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McGraw vs Foster, A Battle of Giants: 1905 NY Giants vs 1914 American Giants

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Each era of baseball has its iconic figures, who have their place in history cemented by what they have done. In Major League Baseball during the “Deadball Era” one of those people was New York Giants manager and former player John J “Mugsy” McGraw. McGraw began his career as a member of the Baltimore Orioles in the 1890’s. He was a ballplayer who stopped at nothing to gain a win on the playing field. Tripping a runner as he rounded the bases, grabbing the runner by the belt as he ran by and other chicanery were all in McGraw’s bag of tricks. He later on as a manager pioneered the term manufacturing a run and would also manage the Giants to 3 World Series titles (1905,1921 and 1922). In black baseball one of those iconic figures was Andrew Bishop “Rube” Foster who later started one of the first ever sanctioned leagues for black ball players. Foster has been called by many, “the Father of the Negro Leagues” because of his efforts to unite the ball clubs to give them more credibility. Sadly, after all he did, he would not live to see blacks and whites play together in the major leagues as he passed away in 1930 in an insane asylum. He mentored a number of players along the way as did McGraw and like McGraw wanted his players to know the fundamentals of the game such as bunting and running the bases. Some of those mentored and taught by Foster included Cristobal Torriente, Norman “Turkey” Stearnes, Preston “Pete” Hill, Oscar Charleston and Bill Foster, who was Rube’s half-brother.

McGraw’s Giants team in 1905 would win 105 games and lose 48 to win the National League pennant by 9 games over the second place Pittsburgh Pirates. The 1914 Chicago American Giants had an official record of 42 wins and 14 losses in the Western Independent League but were reported to have won almost as many games as McGraw’s Giants, but due to the lack of records this cannot be confirmed. This was certainly shaping up to be a great matchup.

The 1905 Giants would send up catcher Roger Bresnahan, first baseman Dan McGann and second baseman Billy Gilbert. The left side of the NY Giants infield would have Bill Dahlen at shortstop and at third base would be Art Devlin. For the Giants Mike Donlin, George Browne and Sam Mertes would patrol that expanse of green. The pitchers McGraw would have to choose from would include, Christy Mathewson, “Iron Man” Joe McGinnity, Red Ames, Dummy Taylor and “Hooks” Wiltse.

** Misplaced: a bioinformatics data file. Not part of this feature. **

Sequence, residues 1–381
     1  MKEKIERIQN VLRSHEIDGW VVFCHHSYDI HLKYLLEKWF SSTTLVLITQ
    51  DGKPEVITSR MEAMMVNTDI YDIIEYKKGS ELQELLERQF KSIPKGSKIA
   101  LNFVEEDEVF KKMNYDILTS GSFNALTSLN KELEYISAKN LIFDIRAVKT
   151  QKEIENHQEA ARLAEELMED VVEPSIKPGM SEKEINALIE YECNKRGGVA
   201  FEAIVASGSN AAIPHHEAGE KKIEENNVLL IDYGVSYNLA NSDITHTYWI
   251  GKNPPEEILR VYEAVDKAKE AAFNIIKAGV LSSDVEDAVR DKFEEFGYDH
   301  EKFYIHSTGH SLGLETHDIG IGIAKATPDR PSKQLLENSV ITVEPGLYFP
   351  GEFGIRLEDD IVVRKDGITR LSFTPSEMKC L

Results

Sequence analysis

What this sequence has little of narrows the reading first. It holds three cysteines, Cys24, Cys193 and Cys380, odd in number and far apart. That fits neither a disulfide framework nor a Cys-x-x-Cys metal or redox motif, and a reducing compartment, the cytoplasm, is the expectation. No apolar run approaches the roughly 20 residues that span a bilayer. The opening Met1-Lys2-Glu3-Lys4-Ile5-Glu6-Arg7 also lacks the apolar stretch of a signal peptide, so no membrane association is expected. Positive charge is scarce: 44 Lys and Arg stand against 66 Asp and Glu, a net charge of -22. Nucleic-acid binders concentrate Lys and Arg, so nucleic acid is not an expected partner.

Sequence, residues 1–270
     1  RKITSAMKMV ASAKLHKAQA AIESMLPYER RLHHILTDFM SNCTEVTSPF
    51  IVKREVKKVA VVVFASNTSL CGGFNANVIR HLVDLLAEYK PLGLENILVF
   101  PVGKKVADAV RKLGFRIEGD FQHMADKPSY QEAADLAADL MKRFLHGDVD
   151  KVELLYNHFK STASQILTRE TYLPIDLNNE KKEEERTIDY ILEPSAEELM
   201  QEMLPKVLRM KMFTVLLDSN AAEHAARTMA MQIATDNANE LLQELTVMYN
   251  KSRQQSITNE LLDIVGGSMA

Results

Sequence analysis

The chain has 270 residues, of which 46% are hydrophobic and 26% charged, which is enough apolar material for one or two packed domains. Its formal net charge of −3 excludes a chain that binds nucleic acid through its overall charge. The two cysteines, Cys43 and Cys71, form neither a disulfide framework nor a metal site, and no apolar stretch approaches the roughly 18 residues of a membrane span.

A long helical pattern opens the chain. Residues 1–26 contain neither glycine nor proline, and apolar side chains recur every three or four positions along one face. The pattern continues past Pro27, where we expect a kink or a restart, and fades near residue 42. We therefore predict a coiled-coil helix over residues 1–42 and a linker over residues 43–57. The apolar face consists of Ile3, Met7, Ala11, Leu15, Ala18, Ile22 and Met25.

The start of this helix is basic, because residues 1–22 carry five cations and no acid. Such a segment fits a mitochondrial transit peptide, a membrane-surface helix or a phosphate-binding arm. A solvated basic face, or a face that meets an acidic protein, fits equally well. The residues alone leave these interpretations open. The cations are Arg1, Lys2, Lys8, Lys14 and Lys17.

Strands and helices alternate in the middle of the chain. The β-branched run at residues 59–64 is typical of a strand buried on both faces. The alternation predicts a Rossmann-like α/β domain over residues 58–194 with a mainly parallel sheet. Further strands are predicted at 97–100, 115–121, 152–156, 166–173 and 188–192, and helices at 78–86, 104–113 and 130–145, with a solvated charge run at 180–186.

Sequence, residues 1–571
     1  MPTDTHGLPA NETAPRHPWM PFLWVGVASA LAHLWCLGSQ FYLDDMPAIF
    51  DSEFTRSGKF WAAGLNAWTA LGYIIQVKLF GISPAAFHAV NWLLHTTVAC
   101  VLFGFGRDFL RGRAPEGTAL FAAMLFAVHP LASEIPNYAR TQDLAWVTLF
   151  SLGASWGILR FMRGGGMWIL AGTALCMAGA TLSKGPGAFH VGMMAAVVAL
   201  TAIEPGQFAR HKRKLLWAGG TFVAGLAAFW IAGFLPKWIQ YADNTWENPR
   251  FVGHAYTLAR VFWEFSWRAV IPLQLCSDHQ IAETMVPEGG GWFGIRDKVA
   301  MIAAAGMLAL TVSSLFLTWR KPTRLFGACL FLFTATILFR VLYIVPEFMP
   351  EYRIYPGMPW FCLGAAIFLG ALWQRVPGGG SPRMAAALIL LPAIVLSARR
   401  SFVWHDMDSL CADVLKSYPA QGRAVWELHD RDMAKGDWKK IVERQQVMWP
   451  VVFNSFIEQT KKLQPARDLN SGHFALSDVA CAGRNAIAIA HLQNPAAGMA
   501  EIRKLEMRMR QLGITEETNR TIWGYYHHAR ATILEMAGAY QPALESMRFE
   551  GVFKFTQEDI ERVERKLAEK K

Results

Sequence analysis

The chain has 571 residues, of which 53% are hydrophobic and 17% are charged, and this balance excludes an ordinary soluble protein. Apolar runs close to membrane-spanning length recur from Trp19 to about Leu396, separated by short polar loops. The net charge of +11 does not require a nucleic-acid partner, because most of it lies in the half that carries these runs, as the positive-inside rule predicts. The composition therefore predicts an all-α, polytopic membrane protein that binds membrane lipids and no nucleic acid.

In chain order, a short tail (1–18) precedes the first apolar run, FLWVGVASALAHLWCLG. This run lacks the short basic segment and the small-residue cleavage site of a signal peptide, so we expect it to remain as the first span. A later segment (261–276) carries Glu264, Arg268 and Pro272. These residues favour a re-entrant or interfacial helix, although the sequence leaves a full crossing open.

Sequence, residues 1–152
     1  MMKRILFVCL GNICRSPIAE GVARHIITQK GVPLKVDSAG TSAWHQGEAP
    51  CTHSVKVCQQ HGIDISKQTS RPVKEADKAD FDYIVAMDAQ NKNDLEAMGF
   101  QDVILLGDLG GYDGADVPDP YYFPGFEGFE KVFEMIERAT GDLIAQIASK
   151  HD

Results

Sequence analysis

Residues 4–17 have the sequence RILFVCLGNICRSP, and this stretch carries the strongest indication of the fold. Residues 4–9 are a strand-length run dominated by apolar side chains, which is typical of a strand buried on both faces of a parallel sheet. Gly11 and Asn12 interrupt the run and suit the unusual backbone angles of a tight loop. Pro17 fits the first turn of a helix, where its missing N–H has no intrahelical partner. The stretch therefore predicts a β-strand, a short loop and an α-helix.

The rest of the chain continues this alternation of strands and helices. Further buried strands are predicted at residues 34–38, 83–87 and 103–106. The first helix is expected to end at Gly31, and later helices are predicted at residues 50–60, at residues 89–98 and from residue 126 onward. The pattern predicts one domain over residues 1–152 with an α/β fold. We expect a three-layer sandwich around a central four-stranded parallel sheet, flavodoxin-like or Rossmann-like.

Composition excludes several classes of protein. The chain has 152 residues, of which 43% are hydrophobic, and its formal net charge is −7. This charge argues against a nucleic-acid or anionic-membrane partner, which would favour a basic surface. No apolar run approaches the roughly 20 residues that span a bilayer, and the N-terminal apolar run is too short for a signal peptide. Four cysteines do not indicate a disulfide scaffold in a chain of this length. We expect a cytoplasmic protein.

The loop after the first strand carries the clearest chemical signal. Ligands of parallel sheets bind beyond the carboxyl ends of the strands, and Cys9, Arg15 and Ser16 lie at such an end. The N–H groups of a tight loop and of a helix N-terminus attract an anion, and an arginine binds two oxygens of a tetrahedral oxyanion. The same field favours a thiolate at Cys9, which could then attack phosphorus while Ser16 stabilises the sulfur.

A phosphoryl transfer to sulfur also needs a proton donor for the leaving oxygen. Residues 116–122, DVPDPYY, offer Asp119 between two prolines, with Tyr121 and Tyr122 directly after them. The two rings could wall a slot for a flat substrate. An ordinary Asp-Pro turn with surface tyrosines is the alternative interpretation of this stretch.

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Foster’s 1914 Giants would have Pete Booker catching, Jesse Barber at first base and Bill Monroe at second base. The American Giants left side of the infield would have John Henry “Pop” Lloyd at shortstop and Bill Francis at the third base. The American Giants outfield was Judy Gans, Pete Hill and Frank Duncan. The pitchers that Rube Foster could choose from besides himself were Frank Wickwire, Lee Wade and Horace Jenkins.

Catcher Roger Bresnahan did not have a home run in 1905 and had 46 runs batted in to go with his .302 batting average. He would make 19 errors in 637 chances for a .970 fielding percentage which is not bad for the era. Bresnahan would later, in 1905 be inducted into the Baseball Hall of Fame by the Veteran’s Committee.

For the Chicago American Giants, their catcher would be Pete Booker. He was an outstanding catcher who would later develop into a first baseman after Bruce Petway joined the Chicago American Giants. He had good power, could hit for average and would end up playing with most of the great black teams of the error.

While it looks like Booker was an outstanding catcher, the nod might go to the Giants and Bresnahan. It would be close however and either of these men would be a good choice.

In 136 games for the New York Giants first baseman Dan McGann would hit 5 home runs and have 75 runs batted in, with a .299 batting average. In the field in 1,350 chances in the field he made 13 errors which computes to a .991 fielding average, very good for the era of play.

Jesse Barber played first base for the Chicago American Giants during the 1914 season.  He started as an outfielder and was very fast which led to a lot of infield hits. He was a great base stealer and very versatile on defense. He was a shortstop until John Henry “Pop” Lloyd came to the team and then Barber moved to first base. Advantage here goes to Jesse Barber of the Chicago American Giants.